"La Flor de la Nochebuena"

Believe it or not, this Saturday, December 12th is National Poinsettia Day. Well, at least it is in the United States. This date marks the death of Joel Poinsett, the ambassador to Mexico who shipped poinsettia cuttings back to his home in Charleston, South Carolina back in 1828. 

Well, of course, they weren’t called Poinsettia cuttings back then because poinsettias were named in honour of Joel Poinsett years after they arrived in South Carolina. And, obviously, the Mexicans didn’t call them Poinsettias because they had their own name for them long before Joel Poinsett "discovered" them. In Mexico they are called "La Flor de la Nochebuena" (Spanish for Flower of the Holy Night) which is a much prettier sounding name. 

But why stop there? The point…er…La Flor de la Nochebuena was around long before the arrival of the Spaniards. The Aztecs called them Cuitlaxochitl (cuitaltl for residue and xochitl for flower). Given that the leaves contain a milky-latex and the flowers are the dominant feature, Cuitaxochitl may be impossible to say but accurately describes the plant.

Now let’s face it, while we humans think that we are the only creatures that discover things, skip Poinsett, the Spaniards and the Aztecs. Whether you call them poinsettias, La Flor de la Nochebeuna, Cuitaxochitl, or even their botanical name: Euphorbia pulcherrima, the dinosaurs have us all beat.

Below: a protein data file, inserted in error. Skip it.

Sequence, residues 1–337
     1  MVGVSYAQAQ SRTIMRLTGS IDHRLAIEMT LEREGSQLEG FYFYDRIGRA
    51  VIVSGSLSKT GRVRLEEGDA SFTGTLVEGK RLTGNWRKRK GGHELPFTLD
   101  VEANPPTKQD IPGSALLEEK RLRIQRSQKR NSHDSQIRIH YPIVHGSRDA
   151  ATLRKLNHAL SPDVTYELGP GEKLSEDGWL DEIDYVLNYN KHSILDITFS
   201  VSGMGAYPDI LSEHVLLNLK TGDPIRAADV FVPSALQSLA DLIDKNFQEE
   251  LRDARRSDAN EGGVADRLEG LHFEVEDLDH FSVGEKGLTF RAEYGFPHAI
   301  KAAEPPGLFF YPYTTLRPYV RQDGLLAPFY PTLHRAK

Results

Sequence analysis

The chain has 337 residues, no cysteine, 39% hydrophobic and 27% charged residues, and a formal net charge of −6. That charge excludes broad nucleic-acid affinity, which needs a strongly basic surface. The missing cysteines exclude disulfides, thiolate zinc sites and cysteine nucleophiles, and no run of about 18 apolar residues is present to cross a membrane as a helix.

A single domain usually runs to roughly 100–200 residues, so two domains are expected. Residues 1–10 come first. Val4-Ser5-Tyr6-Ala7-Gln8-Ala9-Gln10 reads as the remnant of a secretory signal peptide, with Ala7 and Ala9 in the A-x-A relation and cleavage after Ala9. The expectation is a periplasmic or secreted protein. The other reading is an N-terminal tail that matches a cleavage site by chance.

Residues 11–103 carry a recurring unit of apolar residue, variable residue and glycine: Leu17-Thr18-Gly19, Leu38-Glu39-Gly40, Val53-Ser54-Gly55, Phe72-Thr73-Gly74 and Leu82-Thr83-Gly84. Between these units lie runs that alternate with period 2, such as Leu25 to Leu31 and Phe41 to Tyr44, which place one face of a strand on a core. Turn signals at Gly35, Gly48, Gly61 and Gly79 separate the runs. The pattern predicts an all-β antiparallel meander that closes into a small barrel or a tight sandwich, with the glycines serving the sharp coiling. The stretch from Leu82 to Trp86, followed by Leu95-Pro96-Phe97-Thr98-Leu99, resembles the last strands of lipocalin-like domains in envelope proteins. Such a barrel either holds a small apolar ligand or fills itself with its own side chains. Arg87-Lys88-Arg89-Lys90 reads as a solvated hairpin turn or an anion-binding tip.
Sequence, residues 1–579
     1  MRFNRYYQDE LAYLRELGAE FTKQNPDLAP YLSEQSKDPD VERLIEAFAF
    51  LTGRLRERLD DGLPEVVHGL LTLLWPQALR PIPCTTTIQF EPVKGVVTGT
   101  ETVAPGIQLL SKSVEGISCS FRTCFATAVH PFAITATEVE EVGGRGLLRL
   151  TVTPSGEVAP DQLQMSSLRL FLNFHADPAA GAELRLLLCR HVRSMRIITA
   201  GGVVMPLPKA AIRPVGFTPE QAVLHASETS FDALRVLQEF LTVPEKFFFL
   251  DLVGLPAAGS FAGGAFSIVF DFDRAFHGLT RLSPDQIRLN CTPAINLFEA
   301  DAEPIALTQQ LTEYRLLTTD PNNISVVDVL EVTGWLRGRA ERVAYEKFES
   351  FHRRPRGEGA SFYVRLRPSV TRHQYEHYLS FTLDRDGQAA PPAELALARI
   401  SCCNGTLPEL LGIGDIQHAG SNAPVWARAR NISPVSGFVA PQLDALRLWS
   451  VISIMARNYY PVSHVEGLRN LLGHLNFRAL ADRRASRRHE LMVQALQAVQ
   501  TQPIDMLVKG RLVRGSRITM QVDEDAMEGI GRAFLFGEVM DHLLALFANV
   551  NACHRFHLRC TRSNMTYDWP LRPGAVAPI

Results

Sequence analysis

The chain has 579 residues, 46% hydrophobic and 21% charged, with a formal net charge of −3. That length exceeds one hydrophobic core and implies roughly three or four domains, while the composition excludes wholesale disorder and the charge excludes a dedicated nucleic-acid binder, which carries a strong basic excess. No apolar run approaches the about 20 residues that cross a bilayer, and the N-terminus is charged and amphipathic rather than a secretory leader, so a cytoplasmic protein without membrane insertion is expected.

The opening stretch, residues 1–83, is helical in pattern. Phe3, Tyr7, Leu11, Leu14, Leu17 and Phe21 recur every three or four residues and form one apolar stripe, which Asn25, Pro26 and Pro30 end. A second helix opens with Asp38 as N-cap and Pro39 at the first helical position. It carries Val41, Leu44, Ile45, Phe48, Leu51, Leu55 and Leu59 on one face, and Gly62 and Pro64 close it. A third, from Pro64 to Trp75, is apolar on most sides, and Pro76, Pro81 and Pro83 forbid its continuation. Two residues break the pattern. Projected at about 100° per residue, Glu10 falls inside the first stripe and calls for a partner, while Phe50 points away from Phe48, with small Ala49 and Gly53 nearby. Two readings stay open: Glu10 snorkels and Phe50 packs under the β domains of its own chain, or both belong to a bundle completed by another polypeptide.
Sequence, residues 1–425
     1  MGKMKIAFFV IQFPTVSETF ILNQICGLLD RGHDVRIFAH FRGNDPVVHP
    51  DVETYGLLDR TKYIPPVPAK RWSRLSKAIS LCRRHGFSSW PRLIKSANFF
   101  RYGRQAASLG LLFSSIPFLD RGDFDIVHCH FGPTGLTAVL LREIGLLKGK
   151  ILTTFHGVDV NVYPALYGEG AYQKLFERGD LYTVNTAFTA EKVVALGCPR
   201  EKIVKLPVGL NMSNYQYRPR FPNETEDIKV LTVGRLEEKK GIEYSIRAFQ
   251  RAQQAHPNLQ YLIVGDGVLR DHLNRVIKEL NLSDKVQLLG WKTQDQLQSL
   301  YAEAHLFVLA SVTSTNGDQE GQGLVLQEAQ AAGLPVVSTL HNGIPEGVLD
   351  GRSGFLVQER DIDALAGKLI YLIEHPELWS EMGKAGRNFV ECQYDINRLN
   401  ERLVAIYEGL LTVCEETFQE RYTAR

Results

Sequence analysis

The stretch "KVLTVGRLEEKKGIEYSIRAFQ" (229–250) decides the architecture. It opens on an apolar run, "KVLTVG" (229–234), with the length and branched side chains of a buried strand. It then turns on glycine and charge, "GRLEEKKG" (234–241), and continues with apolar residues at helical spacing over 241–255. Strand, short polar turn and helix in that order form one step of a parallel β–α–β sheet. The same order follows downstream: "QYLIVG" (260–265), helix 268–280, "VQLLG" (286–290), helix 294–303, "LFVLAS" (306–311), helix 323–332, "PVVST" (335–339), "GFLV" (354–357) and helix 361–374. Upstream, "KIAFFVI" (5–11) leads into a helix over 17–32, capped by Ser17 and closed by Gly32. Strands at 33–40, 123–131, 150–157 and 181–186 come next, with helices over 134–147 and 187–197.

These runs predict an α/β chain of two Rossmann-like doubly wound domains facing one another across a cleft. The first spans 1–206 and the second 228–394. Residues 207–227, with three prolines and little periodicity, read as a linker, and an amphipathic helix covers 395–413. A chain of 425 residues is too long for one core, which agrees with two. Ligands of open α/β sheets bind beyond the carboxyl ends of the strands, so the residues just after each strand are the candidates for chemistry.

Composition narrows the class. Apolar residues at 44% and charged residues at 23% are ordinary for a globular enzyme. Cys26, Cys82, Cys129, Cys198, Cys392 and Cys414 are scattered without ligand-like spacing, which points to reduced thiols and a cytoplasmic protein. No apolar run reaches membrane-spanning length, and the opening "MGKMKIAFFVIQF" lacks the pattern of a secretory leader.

About 100 million years ago, during the Cretaceous period (when the dinosaurs attained their largest size) an order of plants called Malpighiales emerged with Euphorbia pulcherrima being one of the family members. So perhaps the dinosaurs deserve some credit for "discovering" some red Malpighiales.

Now, while I’m no paleontologist perhaps the dinosaurs became so large thanks to some nutritious and tasty poinsettias. I have absolutely nothing to back up the nutritious poinsettia-massive dinosaur hypothesis but…just sayin’.

~Jim Hole